Are antioxidants good for athletes?

Over the last century, there’s been an explosion of new understanding with respect to the chemical workings of the human body, it’s processes, the foods we consume, and the interaction between them all. Years ago, people were finding that exercise and exposure to pollution created a lot of oxidative stress on the body by creating free-radicals, and that those compounds can potentially cause damage to cells and even be carcinogenic. So, logically, if you were to supplement your diet with antioxidants like Vitamin A, C, E and other antioxidant compounds, you should be able to reduce the threat of damage caused by oxidative stress and maybe even reduce your risk of cancer or heart disease. After all, eating a diet rich in those antioxidant chemicals (generally a diet rich in fruits and vegetables) is associated with much better health and lower risks of heart disease and cancer. And, there’s always the potential that if your body is under less stress from working out, that maybe your performance could be bolstered by taking supplemental antioxidants that will allow you to work out without causing as much cellular damage and shortening the time needed for recovery between challenging workouts.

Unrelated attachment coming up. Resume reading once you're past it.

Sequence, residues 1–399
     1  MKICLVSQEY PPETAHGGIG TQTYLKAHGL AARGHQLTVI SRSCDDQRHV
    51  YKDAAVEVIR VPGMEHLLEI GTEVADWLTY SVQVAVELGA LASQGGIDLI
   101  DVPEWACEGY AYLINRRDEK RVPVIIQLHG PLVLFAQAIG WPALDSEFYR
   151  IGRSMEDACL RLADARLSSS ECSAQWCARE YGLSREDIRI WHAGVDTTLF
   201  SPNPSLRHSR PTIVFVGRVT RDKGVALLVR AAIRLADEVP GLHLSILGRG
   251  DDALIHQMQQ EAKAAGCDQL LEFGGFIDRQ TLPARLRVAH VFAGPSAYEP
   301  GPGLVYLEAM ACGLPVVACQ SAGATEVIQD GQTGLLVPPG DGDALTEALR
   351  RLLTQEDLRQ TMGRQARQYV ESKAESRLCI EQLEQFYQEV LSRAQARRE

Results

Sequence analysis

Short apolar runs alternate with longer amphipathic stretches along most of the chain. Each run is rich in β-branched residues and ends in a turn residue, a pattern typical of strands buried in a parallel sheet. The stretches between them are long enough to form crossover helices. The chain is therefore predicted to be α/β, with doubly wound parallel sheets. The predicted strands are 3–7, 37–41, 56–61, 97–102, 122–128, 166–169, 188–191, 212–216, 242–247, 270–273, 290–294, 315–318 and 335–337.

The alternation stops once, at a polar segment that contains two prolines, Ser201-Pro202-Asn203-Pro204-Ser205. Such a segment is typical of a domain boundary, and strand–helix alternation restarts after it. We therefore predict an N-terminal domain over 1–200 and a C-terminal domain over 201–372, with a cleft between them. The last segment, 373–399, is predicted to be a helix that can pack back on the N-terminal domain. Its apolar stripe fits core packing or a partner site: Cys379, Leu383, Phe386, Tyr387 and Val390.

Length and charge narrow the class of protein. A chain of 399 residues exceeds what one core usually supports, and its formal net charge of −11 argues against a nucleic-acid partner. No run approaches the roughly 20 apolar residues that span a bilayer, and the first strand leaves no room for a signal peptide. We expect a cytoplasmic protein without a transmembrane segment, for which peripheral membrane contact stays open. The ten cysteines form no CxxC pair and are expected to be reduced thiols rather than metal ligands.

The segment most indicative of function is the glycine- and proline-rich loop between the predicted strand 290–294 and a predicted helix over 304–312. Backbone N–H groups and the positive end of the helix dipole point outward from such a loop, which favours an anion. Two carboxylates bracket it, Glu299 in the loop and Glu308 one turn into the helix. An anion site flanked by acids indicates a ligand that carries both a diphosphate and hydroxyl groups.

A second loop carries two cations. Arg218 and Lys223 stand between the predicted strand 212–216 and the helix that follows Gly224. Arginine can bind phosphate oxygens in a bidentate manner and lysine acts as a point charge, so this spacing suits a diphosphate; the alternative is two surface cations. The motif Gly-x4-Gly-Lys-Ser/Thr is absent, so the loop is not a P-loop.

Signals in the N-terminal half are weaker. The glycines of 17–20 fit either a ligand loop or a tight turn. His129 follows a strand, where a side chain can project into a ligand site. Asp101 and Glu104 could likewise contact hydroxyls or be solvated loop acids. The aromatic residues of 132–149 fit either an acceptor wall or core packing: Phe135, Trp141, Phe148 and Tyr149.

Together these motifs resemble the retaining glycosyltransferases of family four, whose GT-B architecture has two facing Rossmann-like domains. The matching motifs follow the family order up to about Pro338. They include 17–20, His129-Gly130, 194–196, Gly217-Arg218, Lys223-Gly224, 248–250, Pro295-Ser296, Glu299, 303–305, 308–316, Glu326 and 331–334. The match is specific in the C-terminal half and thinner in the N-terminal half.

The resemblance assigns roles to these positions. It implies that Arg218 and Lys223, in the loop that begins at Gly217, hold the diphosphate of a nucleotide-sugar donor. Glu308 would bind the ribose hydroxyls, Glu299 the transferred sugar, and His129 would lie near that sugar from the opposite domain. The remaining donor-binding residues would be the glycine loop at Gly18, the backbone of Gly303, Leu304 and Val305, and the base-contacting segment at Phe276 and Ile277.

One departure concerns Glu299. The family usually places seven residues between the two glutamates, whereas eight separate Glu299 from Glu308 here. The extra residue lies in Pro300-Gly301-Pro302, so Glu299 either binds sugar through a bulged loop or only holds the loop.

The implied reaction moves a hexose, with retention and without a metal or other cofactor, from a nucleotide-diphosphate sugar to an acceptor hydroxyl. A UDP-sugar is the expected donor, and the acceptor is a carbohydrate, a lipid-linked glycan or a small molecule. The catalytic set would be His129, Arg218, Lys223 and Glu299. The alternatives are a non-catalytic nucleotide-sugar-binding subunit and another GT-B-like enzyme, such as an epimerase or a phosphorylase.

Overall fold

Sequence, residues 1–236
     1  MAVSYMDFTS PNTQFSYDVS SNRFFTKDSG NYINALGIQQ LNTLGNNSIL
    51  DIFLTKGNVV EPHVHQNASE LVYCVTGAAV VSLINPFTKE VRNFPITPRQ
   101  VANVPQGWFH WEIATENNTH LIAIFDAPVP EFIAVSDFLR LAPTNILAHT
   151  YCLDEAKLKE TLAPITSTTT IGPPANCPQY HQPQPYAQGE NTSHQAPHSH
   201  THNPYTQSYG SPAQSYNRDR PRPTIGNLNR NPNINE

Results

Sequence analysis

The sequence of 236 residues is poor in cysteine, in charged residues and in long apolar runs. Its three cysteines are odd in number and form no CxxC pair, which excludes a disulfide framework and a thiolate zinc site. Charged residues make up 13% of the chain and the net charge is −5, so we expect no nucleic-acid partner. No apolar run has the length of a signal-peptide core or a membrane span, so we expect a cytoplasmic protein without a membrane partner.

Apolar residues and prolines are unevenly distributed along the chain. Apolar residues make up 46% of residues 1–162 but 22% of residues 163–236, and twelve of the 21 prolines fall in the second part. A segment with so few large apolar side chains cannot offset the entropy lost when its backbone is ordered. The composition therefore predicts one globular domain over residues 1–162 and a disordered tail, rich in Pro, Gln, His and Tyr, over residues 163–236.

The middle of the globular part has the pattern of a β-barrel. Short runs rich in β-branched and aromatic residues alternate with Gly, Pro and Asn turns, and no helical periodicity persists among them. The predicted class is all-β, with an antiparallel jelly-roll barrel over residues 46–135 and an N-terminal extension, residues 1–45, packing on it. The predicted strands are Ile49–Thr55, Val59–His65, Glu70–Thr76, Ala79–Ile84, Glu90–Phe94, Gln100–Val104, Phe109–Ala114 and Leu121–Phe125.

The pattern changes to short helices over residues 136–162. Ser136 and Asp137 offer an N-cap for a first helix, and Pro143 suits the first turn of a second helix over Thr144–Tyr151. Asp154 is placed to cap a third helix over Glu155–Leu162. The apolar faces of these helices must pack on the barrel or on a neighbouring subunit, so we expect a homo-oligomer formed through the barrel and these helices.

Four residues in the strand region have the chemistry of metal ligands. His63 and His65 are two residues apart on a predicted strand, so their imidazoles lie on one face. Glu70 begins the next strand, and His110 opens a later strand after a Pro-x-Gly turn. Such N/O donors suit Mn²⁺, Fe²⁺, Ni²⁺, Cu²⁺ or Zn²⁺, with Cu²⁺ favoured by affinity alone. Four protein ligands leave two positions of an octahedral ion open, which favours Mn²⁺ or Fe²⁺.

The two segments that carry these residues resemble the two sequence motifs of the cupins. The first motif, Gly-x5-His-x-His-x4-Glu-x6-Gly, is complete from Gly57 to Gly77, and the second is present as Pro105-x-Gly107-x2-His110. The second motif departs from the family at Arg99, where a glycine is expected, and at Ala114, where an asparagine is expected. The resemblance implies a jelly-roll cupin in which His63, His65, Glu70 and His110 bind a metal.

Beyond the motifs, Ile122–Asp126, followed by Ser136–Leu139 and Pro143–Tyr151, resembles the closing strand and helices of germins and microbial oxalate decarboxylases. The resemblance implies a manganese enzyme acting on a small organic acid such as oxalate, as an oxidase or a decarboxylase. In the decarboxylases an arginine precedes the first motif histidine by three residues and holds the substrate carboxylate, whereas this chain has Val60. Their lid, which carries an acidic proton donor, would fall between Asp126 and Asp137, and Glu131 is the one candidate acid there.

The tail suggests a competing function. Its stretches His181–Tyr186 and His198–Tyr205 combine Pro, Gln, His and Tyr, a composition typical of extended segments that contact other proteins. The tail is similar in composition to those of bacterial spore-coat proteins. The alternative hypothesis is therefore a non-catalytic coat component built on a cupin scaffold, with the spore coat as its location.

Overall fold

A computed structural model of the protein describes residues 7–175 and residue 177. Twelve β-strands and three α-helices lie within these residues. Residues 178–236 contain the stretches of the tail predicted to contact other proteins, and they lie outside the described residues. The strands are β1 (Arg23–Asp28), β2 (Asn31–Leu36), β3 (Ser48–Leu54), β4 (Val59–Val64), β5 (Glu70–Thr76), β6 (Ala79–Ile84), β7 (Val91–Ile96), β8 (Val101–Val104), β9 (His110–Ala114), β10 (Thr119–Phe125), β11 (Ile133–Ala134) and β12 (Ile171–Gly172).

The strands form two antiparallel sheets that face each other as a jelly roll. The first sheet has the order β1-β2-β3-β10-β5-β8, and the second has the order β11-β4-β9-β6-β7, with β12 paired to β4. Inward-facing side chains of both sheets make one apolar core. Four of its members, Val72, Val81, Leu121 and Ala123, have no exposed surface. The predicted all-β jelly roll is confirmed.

Well, it appears more and more to be the case that current scientific research is finding that the exact opposite appears to be the case. Eating a diet high in natural antioxidants and antioxidant phytochemicals is great for your health, but supplementing with antioxidants appears to be detrimental to exercise performance and probably health generally.

Every week or two, I seem to be running across articles citing new studies that indicate that the oxidative stress sustained during endurance training is key to eliciting the positive adaptations that are the main aim of endurance training. That is, going out for a hard run or bike ride causes oxidative stress and the stress itself is at least in part key to improving fitness. Similarly, your body’s own regulation of its production of its own antioxidant chemicals is affected by exposure to oxidative stress. Expose yourself to oxidative stress and your body will become more adept at defending itself against the damage that occurs as a result of that exposure. Likewise, artificially flooding your system with antioxidant chemicals (i.e. supplemental antioxidants) kills your body’s production of those internal antioxidant systems. Interestingly, the oxidative stress also seems to be key to directly influencing performance by bringing about the physiological changes that make you fitter. For example, my attention was recently brought to the following study…

Abstract